Wednesday, 28 January 2015

Rain Storms Devastate Arctic Ice And Glaciers

by Veli Albert Kallio

The Norwegian Svalbard Islands are located just few hundred miles from the North Pole. It is a unique environment for glaciers: Here glaciers can survive almost at sea level. This means that ice is constantly brushed by thick low-altitude air, which also dumps increasinlgy rain instead of snow.

As a result of high ocean temperatures and of precipitation nowadays falling as rain for months, the melting of these glaciers now occurs 25 times faster than just some years ago.

This also spells bad news for Northern Greenland's low lying glaciers, which will face increasing summertime flash floods as the Arctic Ocean becomes ice free and warms up, and as precipitation falls in the form of rain, rather than snow.

Sea surface temperature of 17.5°C, west of Svalbard
click on image to enlarge
Last summer, for example, sea water west of the Svalbard reached +18C, which is perfect for swimming - but extremely bad for the cold glaciers on shore which mop up the warm moisture and rainfall from the warmed up ocean.

Flash floods falling on glacier soften the compacted snow very rapidly to honeycombed ice that is exceedingly watery and without any internal strength.

Such ice can collapse simply under its own weight and the pulverised watery ice in the basin forms a near frictionless layer of debris.

Darkening of the melting ice also hastens its warming and melting.

Aggressively honeycombed glacier ice floating on meltwater lake in nearby Iceland.   Image credit: Runólfur Hauksson

click on image to enlarge

Changes to the Jet Streams

As the Arctic continues to warm, the temperature difference between the equator and the Arctic declines. This slows down the speed at which the polar vortex and jet streams circumnavigate the globe and results in more wavier jet streams that can enter and even cross the Arctic Ocean and can also descend deep down over the continents, rather than staying between 50 and 60 degrees latitude, where the polar jet streams used to be (as discussed in a recent post).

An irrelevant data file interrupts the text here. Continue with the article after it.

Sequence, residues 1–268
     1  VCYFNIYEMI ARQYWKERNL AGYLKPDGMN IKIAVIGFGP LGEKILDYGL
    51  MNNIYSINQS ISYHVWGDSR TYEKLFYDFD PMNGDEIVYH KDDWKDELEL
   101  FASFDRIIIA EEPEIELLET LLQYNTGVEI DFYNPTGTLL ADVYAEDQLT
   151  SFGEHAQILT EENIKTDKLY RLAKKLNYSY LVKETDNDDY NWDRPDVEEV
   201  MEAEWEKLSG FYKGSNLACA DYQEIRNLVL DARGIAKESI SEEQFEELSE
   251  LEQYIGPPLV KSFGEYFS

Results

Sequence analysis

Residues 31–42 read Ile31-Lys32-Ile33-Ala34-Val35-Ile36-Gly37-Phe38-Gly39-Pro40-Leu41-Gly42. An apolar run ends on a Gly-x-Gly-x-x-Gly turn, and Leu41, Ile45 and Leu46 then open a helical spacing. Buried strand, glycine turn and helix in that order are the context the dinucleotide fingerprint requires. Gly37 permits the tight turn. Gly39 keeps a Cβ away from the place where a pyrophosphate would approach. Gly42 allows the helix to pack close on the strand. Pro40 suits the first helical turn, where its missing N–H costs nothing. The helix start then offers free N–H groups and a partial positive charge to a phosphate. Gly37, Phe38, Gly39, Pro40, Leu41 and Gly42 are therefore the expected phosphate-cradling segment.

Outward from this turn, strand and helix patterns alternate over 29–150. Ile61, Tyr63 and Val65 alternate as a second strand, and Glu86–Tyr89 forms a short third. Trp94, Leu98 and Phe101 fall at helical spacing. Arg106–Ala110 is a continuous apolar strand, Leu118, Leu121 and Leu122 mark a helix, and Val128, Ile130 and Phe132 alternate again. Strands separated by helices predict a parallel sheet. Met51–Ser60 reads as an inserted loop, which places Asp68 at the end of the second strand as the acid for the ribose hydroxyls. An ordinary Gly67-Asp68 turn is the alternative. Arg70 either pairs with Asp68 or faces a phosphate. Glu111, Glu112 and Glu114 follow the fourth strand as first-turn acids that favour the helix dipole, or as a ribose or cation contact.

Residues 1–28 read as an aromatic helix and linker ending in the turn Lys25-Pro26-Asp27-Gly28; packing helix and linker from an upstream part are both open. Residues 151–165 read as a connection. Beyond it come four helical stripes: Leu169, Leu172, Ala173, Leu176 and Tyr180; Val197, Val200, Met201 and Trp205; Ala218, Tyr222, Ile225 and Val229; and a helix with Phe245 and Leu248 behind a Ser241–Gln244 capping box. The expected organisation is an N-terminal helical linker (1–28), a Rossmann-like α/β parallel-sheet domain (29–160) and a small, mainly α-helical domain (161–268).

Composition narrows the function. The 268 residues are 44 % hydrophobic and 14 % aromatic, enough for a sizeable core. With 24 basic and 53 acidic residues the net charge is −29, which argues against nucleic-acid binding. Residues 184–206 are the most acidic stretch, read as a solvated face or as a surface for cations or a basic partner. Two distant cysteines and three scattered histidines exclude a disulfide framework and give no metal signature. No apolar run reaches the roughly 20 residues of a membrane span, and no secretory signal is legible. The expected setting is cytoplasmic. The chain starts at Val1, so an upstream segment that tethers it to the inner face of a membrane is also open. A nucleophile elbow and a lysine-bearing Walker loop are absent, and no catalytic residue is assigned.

Such deep descent over continents can cause very low temperatures on land, while at the same time oceans remain warm and are getting warmer, so the temperature difference between land and ocean increases, speeding up the winds between continents. On January 9, 2015, jet streams reached speeds between continents as high as 410 km/h (255 mps), as shown on above image. Also note the jet stream crossing the Arctic Ocean.

Faster winds means more water evaporation, and warmer air holds more water vapor, so this can result in huge rainstorms that can rapidly devastate the integrity of the ice.

[image and text in yellow panels by Sam Carana]


I suspect that climatically-speaking we are currently entering a methane-driven Bøllinger warming state with the Northern Cryosphere now entering a phase of rapid warming and melting of anything frozen (snow, sea ice, permafrost and sea bed methane clathrates).

This will be rapidly followed by a Heindrich Iceberg Calving event when the warmed and wet ice sheet in Greenland gives away to its increased weight (due to excessive melt water accumulation within and beneath the ice sheet).

This dislodges the ice sheet’s top, due to accumulation of “rotten ice” (honeycombed, soft ice with zero internal strength) at the ice sheet’s base and perimeters.